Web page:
The ABCs of Immunity: What It Is and How It Works

The ABCs of Immunity: What It Is and How It Works

Finding yourself sniffling and feeling just a little more tired than usual? Your immunity might be hard at play, defending you from the common colds and flu that roam around this season. But how does our immune system work and what is it made of? If you’re keen on finding out more about our very own defense system and how to support it, you’ve come to the right place.

What is the definition of immunity?

Everyone’s probably heard of our immune system, but it might be hard to define what it does. In basic terms, the immune system first recognizes a pathogen, tags it for removal, and then destroys it1. That way, the pathogen, commonly being a bacteria or a virus doesn’t make our body a home and make us sick.

The ABCs of Immunity: What It Is and How It Works

The ABCs of Immunity: What It Is and How It Works

Our immune system – key players

The body’s defenses involve players on different scales. These include parts of the body like the bone marrow, the tonsils, and the lymphatic system, that carry immune cells. Additionally, it has a myriad of immune-specific cells that play their roles:

  • Phagocytes – these are cells that “eat” pathogens to get rid of them.
  • Lymphocytes – these are cells that help to recognize and remember pathogens. These include:
    • T-cells – these can coordinate immune response and kill specific pathogens;
    • B-cells – these help the body remember cells and make antibodies that help let the T-cells know what to destroy;
    • Natural killer cells – like their name, they get rid of many types of pathogens.

What’s the difference between natural and developed immunity?

Our body needs to recognize what is the body and what isn’t (and shouldn’t be in) the body. Our natural, or innate immunity works at that. The cells can find patterns associated with pathogens, allowing them to understand whether a pathogen is present. Additionally, it involves things that act as our first line of defense, such as our skin and our organ linings2.

Our developed, or adaptive immunity relies on T and B cells and antibodies, which recognize specific pathogens. They work together with the innate immunity to get rid of the infection. The adaptive immunity usually kicks in a little bit later than the natural3. This is the type of immunity that vaccines can boost.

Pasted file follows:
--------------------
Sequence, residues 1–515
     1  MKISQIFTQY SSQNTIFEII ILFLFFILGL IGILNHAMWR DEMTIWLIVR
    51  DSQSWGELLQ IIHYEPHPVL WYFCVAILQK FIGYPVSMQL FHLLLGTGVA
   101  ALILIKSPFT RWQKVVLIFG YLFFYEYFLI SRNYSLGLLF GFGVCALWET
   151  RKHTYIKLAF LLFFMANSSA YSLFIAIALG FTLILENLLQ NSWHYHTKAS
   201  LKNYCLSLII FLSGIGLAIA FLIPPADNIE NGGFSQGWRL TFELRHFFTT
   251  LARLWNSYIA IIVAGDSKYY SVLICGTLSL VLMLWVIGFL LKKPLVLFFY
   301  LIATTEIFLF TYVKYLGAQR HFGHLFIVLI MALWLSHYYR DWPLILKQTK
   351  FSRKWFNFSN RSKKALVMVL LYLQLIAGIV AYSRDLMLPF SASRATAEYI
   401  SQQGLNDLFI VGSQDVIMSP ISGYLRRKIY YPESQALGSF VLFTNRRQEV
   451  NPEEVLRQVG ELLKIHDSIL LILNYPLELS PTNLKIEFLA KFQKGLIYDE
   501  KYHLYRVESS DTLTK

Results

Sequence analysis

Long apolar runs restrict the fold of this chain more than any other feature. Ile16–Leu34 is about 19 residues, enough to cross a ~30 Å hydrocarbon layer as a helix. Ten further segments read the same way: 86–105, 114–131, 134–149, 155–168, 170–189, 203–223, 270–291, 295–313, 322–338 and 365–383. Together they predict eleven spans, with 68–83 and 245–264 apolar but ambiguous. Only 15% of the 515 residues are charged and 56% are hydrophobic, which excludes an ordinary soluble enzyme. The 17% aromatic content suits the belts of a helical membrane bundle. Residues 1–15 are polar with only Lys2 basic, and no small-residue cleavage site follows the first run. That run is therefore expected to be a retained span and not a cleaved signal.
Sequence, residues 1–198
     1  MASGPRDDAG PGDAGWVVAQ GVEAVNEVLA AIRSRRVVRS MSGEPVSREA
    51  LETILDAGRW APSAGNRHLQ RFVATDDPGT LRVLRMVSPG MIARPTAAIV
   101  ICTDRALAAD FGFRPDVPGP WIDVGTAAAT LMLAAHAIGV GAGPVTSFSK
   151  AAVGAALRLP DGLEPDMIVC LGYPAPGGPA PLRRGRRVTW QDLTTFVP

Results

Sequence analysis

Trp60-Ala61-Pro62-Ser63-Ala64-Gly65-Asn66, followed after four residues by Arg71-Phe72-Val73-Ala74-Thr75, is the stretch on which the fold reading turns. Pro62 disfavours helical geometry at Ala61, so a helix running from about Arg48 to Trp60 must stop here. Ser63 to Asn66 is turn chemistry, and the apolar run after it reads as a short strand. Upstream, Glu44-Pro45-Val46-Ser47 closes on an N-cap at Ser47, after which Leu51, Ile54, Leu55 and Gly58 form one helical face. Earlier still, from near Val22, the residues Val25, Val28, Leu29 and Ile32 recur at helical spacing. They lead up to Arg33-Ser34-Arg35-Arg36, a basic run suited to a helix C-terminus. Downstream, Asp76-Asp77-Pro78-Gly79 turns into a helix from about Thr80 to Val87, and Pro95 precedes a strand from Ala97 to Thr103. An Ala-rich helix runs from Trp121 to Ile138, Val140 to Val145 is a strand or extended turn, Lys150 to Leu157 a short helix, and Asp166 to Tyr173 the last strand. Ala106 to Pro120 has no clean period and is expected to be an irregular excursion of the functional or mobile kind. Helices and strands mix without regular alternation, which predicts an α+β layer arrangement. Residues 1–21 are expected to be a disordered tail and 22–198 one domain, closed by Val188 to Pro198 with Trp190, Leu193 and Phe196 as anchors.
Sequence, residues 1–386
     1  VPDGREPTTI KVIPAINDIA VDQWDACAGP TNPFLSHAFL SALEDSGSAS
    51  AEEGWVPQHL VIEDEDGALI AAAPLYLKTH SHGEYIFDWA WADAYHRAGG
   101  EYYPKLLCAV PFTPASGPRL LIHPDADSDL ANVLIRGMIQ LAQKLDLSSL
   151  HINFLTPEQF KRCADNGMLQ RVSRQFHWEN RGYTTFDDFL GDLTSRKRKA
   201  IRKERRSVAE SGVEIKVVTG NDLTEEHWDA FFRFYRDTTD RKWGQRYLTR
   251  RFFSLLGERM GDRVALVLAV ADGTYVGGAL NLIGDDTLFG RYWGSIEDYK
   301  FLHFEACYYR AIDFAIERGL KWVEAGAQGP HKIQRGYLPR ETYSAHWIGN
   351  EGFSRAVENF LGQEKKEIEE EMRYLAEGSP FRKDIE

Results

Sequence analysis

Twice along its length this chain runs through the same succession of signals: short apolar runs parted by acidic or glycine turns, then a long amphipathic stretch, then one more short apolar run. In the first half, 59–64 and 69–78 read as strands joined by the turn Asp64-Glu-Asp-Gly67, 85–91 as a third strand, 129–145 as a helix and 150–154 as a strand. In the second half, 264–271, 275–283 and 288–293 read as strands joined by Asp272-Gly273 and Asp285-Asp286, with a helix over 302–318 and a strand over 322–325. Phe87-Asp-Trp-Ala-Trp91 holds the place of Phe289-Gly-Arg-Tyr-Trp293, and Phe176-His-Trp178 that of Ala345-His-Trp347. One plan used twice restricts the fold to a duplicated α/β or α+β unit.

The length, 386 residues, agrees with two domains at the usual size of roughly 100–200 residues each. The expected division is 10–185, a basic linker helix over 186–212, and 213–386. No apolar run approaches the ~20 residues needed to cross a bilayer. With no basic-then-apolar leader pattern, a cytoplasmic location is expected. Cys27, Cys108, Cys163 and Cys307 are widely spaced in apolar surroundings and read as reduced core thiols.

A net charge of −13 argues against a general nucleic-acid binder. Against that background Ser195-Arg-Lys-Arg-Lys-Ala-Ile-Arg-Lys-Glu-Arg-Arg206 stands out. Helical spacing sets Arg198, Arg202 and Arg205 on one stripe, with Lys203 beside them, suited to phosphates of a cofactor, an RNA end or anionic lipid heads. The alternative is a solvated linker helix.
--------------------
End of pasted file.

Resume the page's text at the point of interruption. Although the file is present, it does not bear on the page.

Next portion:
Remembering the threat – primary and secondary response

Our immune system is great at remembering illnesses we’ve already encountered. When we encounter a threat for the first time, the body takes the time to not only fight the pathogen but also to memorize what it is. It does that by producing memory B-cells which are specific to the pathogen. This is called the primary immune response4.

When we encounter the same pathogen later, our immunity can recognize that we’ve seen the pathogen before and kick in quicker. This is called the secondary response5.

How to look after the immune system

Now that you know how the immunity functions, the next biggest question is how to look after it. To strengthen our defenses, you can:

The ABCs of Immunity: What It Is and How It Works

Our diet is probably one of the most important aspects of immunity.

Additionally, there are specific nutrients that can benefit our immunity. Vitamin C for example, is needed for B-cells to grow and make antibodies6.

Many immune cells, including B and T cells, need vitamin D for optimal function7.

Other immune-supporting nutrients include curcumin, which helps B, T, and natural killer cells work8. Try adding some of the spice into your meals, or simply take Turmeric Curcumin with BioPerine for a highly bioavailable dose of the nutrient.

The cells that make up our immune system are important players in our health. It’s important to understand what they do and how they do it. Additionally, knowing how to support our immunity during the colder months is as important as ever.

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